It can be a case of having too much or too little T. And unfortunately, the drive towards one type of masculine characteristic comes at the expense of hair.
We live in a world with a great deal of folklore, particularly where it comes to the age-old problem of hair loss and hair loss solutions.
“It’s from your mother’s genetic line,” say some (sometimes yes, sometimes not). “It’s from wearing those ridiculous hats,” say others (not true at all). “If your mother had shaved your head when you were a child it would grow in thicker,” according to many (not even close to being true; hair follicles aren’t garden basil).
But the most popular of these, that men who lose their hair have more testosterone, is partially true. The trouble is this is a Goldilocks situation. Men with abundant testosterone, as well as men with insufficient testosterone, experience hair loss. But even then, it’s not a simple matter of cranking it up or turning it down. There are other factors involved. When considering men’s hair loss treatments, details matter.
Start with what testosterone, popularly called T, is and what it does to hair. First, about 10% of testosterone naturally converts to what is called DHT, short for dihydrotestosterone. It is the factor of concern relative to male pattern baldness in that it can adversely act on hair follicles. Something similar happens in women, albeit at different levels with different results. DHT is an androgen sex hormone that plays into hair growth, and an ability to gain muscle (with exercise), and it can affect fertility. Some men have more natural T production that can lead to hair loss.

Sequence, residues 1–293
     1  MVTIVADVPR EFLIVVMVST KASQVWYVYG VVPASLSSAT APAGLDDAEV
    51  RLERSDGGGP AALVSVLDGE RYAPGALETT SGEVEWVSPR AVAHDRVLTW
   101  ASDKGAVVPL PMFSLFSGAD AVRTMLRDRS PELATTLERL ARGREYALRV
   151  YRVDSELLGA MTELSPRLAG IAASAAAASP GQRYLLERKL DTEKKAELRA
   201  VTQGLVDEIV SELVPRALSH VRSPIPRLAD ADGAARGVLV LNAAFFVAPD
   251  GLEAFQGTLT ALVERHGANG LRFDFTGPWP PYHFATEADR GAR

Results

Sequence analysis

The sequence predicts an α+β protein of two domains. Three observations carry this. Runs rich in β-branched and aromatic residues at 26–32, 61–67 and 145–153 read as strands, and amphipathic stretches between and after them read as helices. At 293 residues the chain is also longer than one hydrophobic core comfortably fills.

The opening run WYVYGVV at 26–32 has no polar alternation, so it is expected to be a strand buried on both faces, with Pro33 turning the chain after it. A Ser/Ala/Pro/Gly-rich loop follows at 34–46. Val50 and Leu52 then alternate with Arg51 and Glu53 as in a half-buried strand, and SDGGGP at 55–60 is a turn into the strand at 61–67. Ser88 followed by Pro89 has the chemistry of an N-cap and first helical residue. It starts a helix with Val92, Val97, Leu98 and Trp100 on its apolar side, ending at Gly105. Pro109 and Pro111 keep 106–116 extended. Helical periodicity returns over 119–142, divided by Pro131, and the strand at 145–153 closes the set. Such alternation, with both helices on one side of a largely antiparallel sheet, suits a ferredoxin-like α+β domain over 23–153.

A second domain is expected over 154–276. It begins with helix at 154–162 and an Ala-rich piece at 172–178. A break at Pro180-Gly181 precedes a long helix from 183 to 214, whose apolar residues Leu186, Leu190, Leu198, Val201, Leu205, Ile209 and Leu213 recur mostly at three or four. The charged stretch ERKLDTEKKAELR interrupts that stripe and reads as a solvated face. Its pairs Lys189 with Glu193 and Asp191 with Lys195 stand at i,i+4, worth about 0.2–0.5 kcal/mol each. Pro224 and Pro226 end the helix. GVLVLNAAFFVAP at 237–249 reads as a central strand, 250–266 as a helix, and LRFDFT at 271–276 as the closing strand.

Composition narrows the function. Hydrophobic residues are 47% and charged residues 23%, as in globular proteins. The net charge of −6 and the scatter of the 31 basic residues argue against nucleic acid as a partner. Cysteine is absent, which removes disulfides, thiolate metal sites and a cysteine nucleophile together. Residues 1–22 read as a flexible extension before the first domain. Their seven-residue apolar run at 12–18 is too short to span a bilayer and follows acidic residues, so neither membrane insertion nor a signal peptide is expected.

So the association with masculine characteristics isn’t without merit. And it’s clear as to why synthetic testosterone, available through prescription, is popular with aging men looking to get their mojo back.
Ah, but things such as hormones in imbalance can really go awry. Looking at an extreme case, consider bodybuilders who use anabolic steroids to increase muscle mass. Those steroids basically tinker with the endocrine system, causing a user’s body to go beyond the natural conversion of testosterone-to-DHT, which has the effect of diminishing the health of hair follicles. That said, this effect is greater in men with a genetic predisposition to hair loss in the first place, so the effects vary by individual, and the degree and duration of anabolic steroid use.
Looking at the other end of the spectrum, some men have the unfortunate condition of below-average natural testosterone. Of note, this is a function of aging and poor health habits (bad diet, sedentary lifestyle), and is fairly common. The normal range for testosterone is between 300-1000 ng/dL (nanograms per deciliter), so a reading below 300 is define as a clinically deficiency. Accompanied by a lower sex drive, fatigue, and loss of muscle mass and bone density, hair loss occurs as well with low T. But as with the anabolic steroid users, individual genetics favoring hair loss exaggerate the effect.
So, as with Goldilocks, there is a happy middle. A natural approach to testosterone increases can be achieved through diet (tuna, sardines, salmon, egg yolks, oysters, beef, legumes), as well as strength training (high intensity work with large muscle groups increase testosterone production), as well as other exercises that reduce body fat.
For individuals using anabolic steroids, well, the tradeoff between a full head of hair and a contest-worthy V-shaped torso is a choice they need to make.
And for those who have male pattern baldness even with a normal level of testosterone, genetics is your foe – although, finasteride (Propecia) and minoxidil (Rogaine) can help normalize the exchange of DHT with your hair follicles, reducing and sometimes reversing hair loss.